During that meeting, I heard the following words repeated by my fellow team members:
As I listened to Emmitt speak about equal opportunity and equal justice for all Americans, my mind wandered back to the powerful, vulnerable, real conversation that MKG had internally. It’s a conversation that I’ll never forget.
That internal conversation was a place to tell your MKG teammates how you feel. What you are experiencing right now. A place to talk and be heard.
It wasn’t a place to politic. There was no sharing news soundbites or articles.
Regardless of whether a team member spoke at all or listened during that meeting, it was a place where our common goal was to seek to understand each other. It was without a doubt the best meeting that I have ever been a part of in the 9 year history of MKG. And I’ll be forever grateful that my fellow teammates accepted the invitation to attend.
Growth comes from seeking to understand.
Don’t Come to the Table with an Appetite and Nothing Else
“In the business world, you’ve got to bring something to the table besides your appetite. Our construction company makes it a priority to give back to the business community. We make it a priority to bring in minority-owned businesses to bid projects as subcontractors. We don’t give them anything though. We plug those business owners into a formal mentorship program that we’ve developed to guide them through the project. And we expect them to do an exceptional job. Someone helped out me when I first got into construction and real estate so I feel it’s my responsibility to help out the next generation.”
This absolutely blew me away. Not only does Emmitt’s construction company make it a priority to solicit bids from minority-owned businesses, but they also plug them into their mentorship program to make sure that they do an amazing job on that project and every single one that follows.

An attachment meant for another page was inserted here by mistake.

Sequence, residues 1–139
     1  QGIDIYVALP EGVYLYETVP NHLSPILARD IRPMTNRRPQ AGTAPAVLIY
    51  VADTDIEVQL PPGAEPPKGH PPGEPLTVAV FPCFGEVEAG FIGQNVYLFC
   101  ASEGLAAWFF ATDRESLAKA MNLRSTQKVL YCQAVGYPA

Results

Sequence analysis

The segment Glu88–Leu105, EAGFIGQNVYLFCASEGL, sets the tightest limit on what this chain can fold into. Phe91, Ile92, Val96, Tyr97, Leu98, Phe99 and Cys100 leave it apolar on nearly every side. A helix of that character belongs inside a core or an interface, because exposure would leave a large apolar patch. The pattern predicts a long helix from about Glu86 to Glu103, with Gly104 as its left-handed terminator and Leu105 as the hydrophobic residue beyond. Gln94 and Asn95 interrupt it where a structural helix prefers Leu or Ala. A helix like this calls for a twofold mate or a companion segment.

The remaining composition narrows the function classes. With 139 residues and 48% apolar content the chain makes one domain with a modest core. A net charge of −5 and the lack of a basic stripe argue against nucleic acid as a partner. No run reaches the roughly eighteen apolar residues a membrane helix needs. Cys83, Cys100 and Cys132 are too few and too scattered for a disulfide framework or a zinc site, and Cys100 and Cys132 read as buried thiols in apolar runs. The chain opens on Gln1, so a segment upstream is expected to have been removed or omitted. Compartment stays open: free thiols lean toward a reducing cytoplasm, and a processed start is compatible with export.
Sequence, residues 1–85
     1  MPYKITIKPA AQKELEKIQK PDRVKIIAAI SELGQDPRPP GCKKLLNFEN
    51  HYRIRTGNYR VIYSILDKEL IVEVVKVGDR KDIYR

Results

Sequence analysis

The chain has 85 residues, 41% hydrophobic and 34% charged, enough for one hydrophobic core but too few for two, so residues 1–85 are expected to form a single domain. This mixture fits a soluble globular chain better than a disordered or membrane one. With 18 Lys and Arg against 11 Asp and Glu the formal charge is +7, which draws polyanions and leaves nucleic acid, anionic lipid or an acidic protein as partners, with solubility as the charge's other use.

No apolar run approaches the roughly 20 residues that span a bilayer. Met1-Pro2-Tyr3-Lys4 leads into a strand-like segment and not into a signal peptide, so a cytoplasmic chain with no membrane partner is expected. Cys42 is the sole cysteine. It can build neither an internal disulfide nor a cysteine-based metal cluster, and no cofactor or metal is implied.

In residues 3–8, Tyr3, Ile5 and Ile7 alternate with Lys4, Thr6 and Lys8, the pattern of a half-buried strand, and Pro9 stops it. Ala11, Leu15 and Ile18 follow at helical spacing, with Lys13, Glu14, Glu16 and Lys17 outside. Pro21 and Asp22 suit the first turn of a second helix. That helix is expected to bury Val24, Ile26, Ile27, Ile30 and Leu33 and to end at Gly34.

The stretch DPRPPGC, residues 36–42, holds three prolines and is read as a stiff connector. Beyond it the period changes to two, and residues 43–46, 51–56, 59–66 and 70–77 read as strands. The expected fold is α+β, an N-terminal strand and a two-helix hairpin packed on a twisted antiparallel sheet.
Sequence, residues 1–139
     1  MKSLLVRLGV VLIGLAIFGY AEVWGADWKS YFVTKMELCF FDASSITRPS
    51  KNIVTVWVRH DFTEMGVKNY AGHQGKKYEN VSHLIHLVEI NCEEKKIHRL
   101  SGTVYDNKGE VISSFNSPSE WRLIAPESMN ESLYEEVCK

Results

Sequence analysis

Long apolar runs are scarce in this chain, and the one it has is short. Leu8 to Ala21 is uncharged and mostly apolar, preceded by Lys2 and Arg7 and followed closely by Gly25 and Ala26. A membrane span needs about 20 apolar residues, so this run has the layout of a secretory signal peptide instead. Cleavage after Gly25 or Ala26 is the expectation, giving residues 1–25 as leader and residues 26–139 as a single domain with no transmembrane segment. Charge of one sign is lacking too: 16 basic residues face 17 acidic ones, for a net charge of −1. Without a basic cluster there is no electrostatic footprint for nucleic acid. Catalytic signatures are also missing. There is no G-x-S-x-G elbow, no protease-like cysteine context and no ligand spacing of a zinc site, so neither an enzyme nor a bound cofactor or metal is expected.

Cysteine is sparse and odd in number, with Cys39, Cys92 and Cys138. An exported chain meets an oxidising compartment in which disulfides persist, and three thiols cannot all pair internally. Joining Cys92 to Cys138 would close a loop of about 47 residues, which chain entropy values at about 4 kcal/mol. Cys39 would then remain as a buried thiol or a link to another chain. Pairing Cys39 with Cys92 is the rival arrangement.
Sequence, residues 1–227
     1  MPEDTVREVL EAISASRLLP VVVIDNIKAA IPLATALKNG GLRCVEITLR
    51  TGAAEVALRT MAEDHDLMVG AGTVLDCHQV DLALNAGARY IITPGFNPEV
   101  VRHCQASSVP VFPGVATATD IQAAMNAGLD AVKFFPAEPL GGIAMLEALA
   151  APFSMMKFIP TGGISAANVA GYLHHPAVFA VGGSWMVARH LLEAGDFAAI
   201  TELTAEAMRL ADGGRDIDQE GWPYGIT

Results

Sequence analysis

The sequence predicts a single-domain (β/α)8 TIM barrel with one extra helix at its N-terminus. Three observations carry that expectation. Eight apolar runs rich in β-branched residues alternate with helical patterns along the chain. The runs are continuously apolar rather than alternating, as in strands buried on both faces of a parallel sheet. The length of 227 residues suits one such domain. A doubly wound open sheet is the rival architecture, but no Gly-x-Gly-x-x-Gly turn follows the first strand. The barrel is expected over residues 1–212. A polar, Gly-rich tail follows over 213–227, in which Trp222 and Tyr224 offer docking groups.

Think about it this way: Emmitt’s company brings the client, makes it a priority to solicit bids from companies of all types and then gives extra attention to the winner of that bid to ensure that they do a standup job on the project. It’s the modern day example of the parable “Give a man a fish and you feed him for a day; teach a man to fish and you feed him for a lifetime.”
I’m not confident that MKG has found their mentorship stride just yet. But I know that bringing awareness to that fact will help us begin to put something together in the future.
Money / Financial Gain is a Byproduct of Performance
“Money is a byproduct of performance. If I perform at a high level, the money will take care of itself.”
We’ve actually seen this happen with a pair of our clients in the past month. Even though they are doing business in the midst of a global pandemic, ExtraHop Networks and MariaDB are continuing to grow their businesses at a staggering rate.
ExtraHop Networks was just named a top place to work by Inc magazine as well as a one of America’s most promising Artificial Intelligence companies. And MariaDB’s investors piled on for another round of funding to fuel the serious growth they’ve seen in he past 24 months.
As your company, team, rec league basketball team or neighborhood urban garden performs exceptionally well, the “gain” in whichever way you measure it will follow.
Thank You Emmitt. Thank You EO.
The hour spent with Emmitt Smith was worth every second.
If you want to hear MKG’s stance on social justice, business strategy or digital marketing please reach out to say hello and get a conversation started.
Until next month!
*Please note: I am paraphrasing Emmitt Smith’s words from our meeting last month. I certainly don’t want to represent his words as direct quotes nor does Emmitt endorse any of the follow-up opinions I personally have based on the experiences he shared.